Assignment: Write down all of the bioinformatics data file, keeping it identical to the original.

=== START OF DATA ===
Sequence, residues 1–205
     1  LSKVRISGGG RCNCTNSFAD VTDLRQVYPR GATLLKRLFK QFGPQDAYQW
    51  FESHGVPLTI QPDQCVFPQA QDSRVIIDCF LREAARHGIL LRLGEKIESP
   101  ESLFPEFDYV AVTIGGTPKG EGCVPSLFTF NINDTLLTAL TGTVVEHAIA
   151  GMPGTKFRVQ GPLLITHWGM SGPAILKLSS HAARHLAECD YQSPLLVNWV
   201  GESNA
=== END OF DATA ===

Sequence, residues 1–205
     1  LSKVRISGGG RCNCTNSFAD VTDLRQVYPR GATLLKRLFK QFGPQDAYQW
    51  FESHGVPLTI QPDQCVFPQA QDSRVIIDCF LREAARHGIL LRLGEKIESP
   101  ESLFPEFDYV AVTIGGTPKG EGCVPSLFTF NINDTLLTAL TGTVVEHAIA
   151  GMPGTKFRVQ GPLLITHWGM SGPAILKLSS HAARHLAECD YQSPLLVNWV
   201  GESNA